Finally, at this point, when it was clear there was no backup plan and than I would not be humoring her antics, the lass frustratedly pulled her plate back in front of her and stabbed at the pork chop with her fork. She muttered something about not wanting any of the fat and then cut it off. She then hesitated and once again pushed the plate away, apparently deciding she would go hungry on principle, or something.
I was taking care of the dogs at that point. I didn’t look at her or say anything. Finally, her hunger won out. With a loud sigh she grabbed the plate and hurriedly consumed what was left of her dinner. She then complained that she was still hungry. I merely pointed at her untouched glass of milk and left it at that. She growled at me, but I’d already moved on to other things. She drank her milk quickly then pushed her plate and glass away. Normally, I’d expect her to put her stuff in the dishwasher, but since she’s gimpy for the time being I took care of it for her. The fat she’d cut off her food I placed in the dog’s bowl, where it was quickly consumed.
She then got herself setup on her crutches, a frown still etched into her face. I’m not sure if she was more furious at the dinner I’d served her, or at the fact that she’d actually eaten it. Personally, I was only concerned with the second part. Mostly, I was glad to have avoided shouting matches with an irrational 7 year old over food. Surprisingly, it turned out not be that difficult. All I did was nothing.
I’ve known it was on for awhile now, but I only just started watching Person of Interest with more, well, interest this Fall. I’d watched a few episodes here and there over the past couple years and I never saw a bad episode, but it never really hooked me. I don’t watch much network television, but I think I’ll keep up with this show for a bit.
It was inevitable from the moment she received her crutches that the day would arrive where she would tire of them and want them gone. Today is that day.
She was trying to do too much this morning while getting her lunch and breakfast ready and a crutch fell, twice, and hit her foot (the good one…). The second time brought tears, which were as much about frustration as pain. She almost slipped on the wet stairs this morning going out to the car and she wasn’t looking forward to sitting in the cafeteria before school started answering questions about her foot.
Part of her frustration is self-inflicted. Kids are restless and the lass is no different. As her foot has started healing and becoming less sore, she’s been getting bolder and less restrained in her moving around. The Wife and I both have been reminding her regularly the past couple of days to stay off the foot so she doesn’t have a setback. Contrast that with the first couple days after her injury when she refused to do anything with her foot and was content to sit on the couch quietly.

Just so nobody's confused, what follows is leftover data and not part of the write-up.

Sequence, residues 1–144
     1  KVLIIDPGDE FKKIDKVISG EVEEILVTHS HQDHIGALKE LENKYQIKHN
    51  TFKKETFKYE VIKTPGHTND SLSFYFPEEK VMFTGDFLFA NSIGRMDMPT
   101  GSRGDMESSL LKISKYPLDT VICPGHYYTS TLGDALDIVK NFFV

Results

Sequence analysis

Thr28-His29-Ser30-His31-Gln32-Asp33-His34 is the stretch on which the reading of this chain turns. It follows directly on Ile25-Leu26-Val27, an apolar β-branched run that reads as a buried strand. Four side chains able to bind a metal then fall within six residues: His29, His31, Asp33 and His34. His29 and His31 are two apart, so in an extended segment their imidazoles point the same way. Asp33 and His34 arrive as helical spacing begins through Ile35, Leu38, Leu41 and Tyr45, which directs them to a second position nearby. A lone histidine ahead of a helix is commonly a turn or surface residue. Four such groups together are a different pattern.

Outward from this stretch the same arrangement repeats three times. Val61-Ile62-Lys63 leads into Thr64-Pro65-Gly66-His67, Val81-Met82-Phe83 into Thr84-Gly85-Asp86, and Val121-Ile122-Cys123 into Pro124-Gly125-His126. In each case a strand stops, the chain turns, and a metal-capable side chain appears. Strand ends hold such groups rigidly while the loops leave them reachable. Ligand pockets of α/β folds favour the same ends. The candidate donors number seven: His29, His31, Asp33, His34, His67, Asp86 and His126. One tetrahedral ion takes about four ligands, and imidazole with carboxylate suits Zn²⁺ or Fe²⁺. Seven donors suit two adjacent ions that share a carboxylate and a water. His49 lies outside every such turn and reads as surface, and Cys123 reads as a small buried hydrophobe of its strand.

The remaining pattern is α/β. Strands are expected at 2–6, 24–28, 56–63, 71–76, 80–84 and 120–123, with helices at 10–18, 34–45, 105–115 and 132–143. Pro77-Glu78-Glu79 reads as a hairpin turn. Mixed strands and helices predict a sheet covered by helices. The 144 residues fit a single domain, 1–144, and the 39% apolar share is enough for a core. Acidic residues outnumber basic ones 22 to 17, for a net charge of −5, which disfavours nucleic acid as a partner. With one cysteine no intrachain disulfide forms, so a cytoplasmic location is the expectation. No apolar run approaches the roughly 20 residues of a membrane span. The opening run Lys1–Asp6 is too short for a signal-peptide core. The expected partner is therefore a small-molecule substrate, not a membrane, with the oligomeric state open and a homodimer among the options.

With any luck, relief will arrive for her since we’ll finally get to see an orthopod today. I’m guessing she’ll come home in a walking splint or boot or some such since the fracture hasn’t really been causing her any pain the past few days.
We had a little fire Cub Scout related fire storm develop this weekend. The Providence Bruins had a Scout Game today where they gave all Scout Troops and Packs half-price tickets. As Cubmaster, I arranged everything with the Bruins and purchased tickets for our Pack members that wanted to attend the game. The Pack had the funds to be able to pay for individual Scouts, while the family had to pay for any additional tickets. With the half-off price, it ends up being a pretty good deal.
The problem cropped up because I’d set up an online signup. I’ve found that using the web for signups is a huge convenience for everyone. The caveat here is that it has to work. To make a long story short, several families had signed up but my page wasn’t working and I wasn’t aware of it, so I never purchased tickets for them. I only found out about it last night, which was way to late to buy anymore tickets.
In the end, 2 of the families had to cancel and I gave up my own tickets so another family could attend. The boy was still able to go, but he went with a friend instead of with us.
So while he enjoyed a pretty good game this afternoon, the Bruins lost 4-3, the Wife, the lass and I hung out here at the house. I’d intended to make the most of it by getting my cord wood cutting job started but it rained this afternoon. So I watched a bit of football and the Wife and the lass watched Horton Hears a Hoo. With Horton as an elephant, it ranks as her favorite movie right now.
The boy got home around 7. By then, he’d eaten out with his friends and the the 3 of us had eaten as well. We spent the rest of the evening watching AFV, otherwise known as “The Funny Show.” From there, the kids went to bed and the Wife and I continued our quiet day.
We might as well enjoy it while we can get it because with the holidays fast approaching, things are going to get busy quickly. Christmas shopping, holiday parades, more hockey practice and vacation days all lie ahead which means there won’t be much leisure time in the schedule.
I was sitting in our living room, browsing on my phone when the boy strode into the room in a huff. I’d been listening to him get ready for his hockey practice and argue with his sister. In truth, he’d done more arguing than getting ready. I had to remind him that he’d be late for practice if he didn’t start prioritizing his hockey gear.